IT WAS THE WORST of times. But in our grief, our fury, we made halting efforts to say that maybe September 11 would lead to the best of times. In the aftermath of the Islamic attack, maybe America would come together. Maybe we would defeat terrorism. We were wrong.
Absorbing the event itself was a Herculean effort. To see the Twin Towers in New York City vanish, like some repulsively persuasive special effect in the latest action movie, and then to see them vanish again and again as we compulsively watched the news footage, became an act of near-religious observance. We felt an obligation to keep watching the destruction in New York, at the Pentagon, in that field in Pennsylvania. Our vigil morphed into a sacrament in all but name, a vicarious participation in the deaths of what we were first told might be more than 10,000 people. It was as if we who were alive couldn’t let go of those who had perished unless we latched onto their deaths as if we too had died.
In our grief, we grasped at straws. The first was the notion that our anguish would unite us the way the political murders of John and Robert Kennedy and Martin Luther King Jr. had united us in the 1960s. The second was our belief that we would prevent this ever from happening again. That we would strike without hesitation at those who had engineered, financed, and effected this new day. That we would destroy the perpetrators of 9/11 with speed and decisiveness. That there would be a conclusion.
Of course, we were wrong. We didn’t come together and we didn’t destroy the enemy.
WE LEARNED something, though. We learned that we didn’t have the vocabulary to talk about what had happened. Our words were either too anemic or too overblown. We tried to find context for the day by talking of it incessantly, as if by doing so we could knit a protective shield against the agony. In truth, we had no words at all.
We noted the ... magnificence of the mayor of New York, Rudy Giuliani. We never said what later became obvious: that while he was superb, any intelligent mayor of New York would have been superb in those circumstances. We were looking not for brilliant speeches but for a fatherly embrace. The mayor (soon dubbed "the mayor of America" and later designated Time magazine’s Man of the Year) eschewed the brilliant speeches and extended the embrace. He was everywhere, he was one with the city.
We noted the ... leadership of the president. A week after the attacks, President Bush delivered a masterful speech, and an embrace too. Thus the man who had been regarded by many as the accidental president and by almost all as minor league became a giant. Again, we never said that while he did his job superbly, the occasion truly made the man.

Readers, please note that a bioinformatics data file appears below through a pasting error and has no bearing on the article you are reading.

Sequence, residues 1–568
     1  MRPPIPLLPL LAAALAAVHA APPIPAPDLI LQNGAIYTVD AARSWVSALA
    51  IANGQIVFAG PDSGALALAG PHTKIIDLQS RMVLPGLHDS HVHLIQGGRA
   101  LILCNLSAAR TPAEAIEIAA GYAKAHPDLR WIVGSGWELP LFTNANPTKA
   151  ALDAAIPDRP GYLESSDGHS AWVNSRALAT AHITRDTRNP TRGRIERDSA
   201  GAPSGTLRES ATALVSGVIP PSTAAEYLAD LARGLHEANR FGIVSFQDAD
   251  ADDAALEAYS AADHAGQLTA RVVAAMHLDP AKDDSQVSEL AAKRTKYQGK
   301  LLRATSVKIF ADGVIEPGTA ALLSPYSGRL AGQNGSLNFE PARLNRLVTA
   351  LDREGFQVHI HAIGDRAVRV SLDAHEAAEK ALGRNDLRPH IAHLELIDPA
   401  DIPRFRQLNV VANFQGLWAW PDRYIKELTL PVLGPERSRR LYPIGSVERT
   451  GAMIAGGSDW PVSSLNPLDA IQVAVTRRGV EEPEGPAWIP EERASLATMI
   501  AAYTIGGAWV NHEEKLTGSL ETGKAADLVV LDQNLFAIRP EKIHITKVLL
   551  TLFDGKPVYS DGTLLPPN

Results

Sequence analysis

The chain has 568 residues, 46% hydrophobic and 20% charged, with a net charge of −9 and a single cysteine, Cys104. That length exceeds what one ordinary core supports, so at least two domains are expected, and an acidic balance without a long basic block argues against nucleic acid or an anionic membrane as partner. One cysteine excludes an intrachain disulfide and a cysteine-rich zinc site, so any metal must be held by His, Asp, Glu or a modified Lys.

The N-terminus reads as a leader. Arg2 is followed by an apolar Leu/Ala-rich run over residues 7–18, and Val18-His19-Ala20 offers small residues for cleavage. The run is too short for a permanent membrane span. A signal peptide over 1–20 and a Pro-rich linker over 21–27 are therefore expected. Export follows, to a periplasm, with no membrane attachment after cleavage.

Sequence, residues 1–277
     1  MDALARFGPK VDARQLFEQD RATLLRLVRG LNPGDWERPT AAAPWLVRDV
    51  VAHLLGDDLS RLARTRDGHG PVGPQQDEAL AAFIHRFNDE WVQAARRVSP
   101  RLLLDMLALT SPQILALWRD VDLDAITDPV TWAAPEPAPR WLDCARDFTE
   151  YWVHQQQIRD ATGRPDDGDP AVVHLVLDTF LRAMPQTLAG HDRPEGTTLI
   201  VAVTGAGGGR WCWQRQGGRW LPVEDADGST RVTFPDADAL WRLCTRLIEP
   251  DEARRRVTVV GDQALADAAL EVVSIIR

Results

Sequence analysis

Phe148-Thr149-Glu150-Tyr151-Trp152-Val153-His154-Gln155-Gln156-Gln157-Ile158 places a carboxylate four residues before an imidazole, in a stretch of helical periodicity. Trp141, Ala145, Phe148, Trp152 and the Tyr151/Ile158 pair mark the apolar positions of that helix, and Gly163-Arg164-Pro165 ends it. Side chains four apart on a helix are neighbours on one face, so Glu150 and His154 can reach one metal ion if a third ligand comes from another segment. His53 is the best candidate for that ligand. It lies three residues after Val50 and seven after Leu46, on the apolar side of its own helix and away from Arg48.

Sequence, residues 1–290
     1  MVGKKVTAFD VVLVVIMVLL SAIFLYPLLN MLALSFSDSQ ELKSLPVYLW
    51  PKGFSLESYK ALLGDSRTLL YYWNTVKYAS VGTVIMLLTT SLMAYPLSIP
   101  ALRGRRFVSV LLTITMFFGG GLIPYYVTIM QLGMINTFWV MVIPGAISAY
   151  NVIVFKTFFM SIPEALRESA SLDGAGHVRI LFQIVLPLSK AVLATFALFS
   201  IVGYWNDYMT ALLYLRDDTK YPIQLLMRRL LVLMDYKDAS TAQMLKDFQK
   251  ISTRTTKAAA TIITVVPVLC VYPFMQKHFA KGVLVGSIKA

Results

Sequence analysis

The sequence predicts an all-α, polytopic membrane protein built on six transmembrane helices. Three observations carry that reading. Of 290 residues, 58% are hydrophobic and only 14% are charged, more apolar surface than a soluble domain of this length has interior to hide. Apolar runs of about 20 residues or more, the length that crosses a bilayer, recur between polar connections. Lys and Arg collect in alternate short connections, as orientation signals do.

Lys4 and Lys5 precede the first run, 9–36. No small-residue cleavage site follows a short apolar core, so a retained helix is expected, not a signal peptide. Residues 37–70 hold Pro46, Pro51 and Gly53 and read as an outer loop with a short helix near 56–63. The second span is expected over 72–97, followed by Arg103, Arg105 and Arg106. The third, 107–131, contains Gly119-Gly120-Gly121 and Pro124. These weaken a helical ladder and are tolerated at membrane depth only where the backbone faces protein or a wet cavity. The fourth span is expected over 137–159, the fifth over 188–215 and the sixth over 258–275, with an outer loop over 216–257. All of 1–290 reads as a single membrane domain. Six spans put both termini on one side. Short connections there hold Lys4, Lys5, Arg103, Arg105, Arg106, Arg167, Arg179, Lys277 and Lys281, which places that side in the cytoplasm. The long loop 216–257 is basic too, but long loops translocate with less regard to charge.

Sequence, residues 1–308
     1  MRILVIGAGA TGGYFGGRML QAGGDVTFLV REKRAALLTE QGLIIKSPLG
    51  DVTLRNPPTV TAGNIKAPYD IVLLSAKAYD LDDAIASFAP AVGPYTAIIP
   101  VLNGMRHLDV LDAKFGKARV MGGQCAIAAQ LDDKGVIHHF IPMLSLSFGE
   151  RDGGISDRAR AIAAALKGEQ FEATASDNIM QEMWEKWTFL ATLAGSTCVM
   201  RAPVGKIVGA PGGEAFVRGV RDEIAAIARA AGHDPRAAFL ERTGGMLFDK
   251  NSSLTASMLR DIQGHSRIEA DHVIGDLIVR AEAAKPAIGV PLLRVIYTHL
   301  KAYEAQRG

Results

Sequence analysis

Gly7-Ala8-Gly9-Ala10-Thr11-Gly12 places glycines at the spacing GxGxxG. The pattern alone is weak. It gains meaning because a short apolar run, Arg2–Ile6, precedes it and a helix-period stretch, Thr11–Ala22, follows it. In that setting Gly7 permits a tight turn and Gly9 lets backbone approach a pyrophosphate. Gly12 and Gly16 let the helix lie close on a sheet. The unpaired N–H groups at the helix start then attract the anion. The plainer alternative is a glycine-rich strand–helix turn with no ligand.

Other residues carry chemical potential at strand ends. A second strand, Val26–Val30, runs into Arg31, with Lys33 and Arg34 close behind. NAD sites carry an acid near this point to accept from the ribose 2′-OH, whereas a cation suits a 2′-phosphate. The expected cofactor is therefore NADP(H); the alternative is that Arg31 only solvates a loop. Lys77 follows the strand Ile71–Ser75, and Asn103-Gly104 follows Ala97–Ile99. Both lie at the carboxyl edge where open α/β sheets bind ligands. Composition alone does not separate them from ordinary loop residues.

The term crusade came and went with the speed of those four planes that took 3000 to their deaths. It was replaced with war on terrorism. Which terrorism? We neither set out to rid the world of any of the many known non-Islamic terrorists (the Irish Republican Army, Basque separatists, Peru’s communist Shining Path) nor to target those terrorist organizations (Hamas, Hizbollah, Islamic Jihad) overlapping Al Qaeda, the one we had determined was the Enemy.
We described the Enemy in politically correct baby talk drained of meaning and vague to the point of inanity. At its worst, this impulse led us to say that the culprits adhered to a renegade brand of Islam, as if a religion is merely what its most cordial advocates say it is rather than what its most zealous devotees show it to be. We talked as if Osama bin Laden’s gang were a tiny coterie, ignoring the reality of the worldwide Muslim expression of joy at what happened on September 11.
Hoisted on that petard, so beloved by the president, we manufactured an Islam that isn’t — hence the president’s hyperbolic babbling about Islam as a "religion of peace." We have yet to figure out how to be intellectually honest about the full reality of the Enemy as Islamist lunacy in its many forms: puritanical Wahhabist fanaticism (convert or die, and when converted, follow exactly our interpretations); dictatorial repressiveness; monarchical medievalism; the Palestinian equating of martyrdom with the murder of innocents; scientific development of weapons that, if used, would only unleash a second Holocaust.
The notion that we could prattle mindlessly about a kind of all-purpose war on terrorism, instead of putting in the necessary adjective — Islamist — is an idea fit only for fabulists. The inability even to utter the words war on Islamist terrorism made strategizing this "war" difficult to the point of impossibility. Especially after we had bombed Afghanistan and chased out a large portion of the Taliban who had ruined that country but who had, after all, only hosted Osama bin Laden. Because we cannot bear to talk like adults about the task and the Enemy, we cannot conceptualize what we should be doing.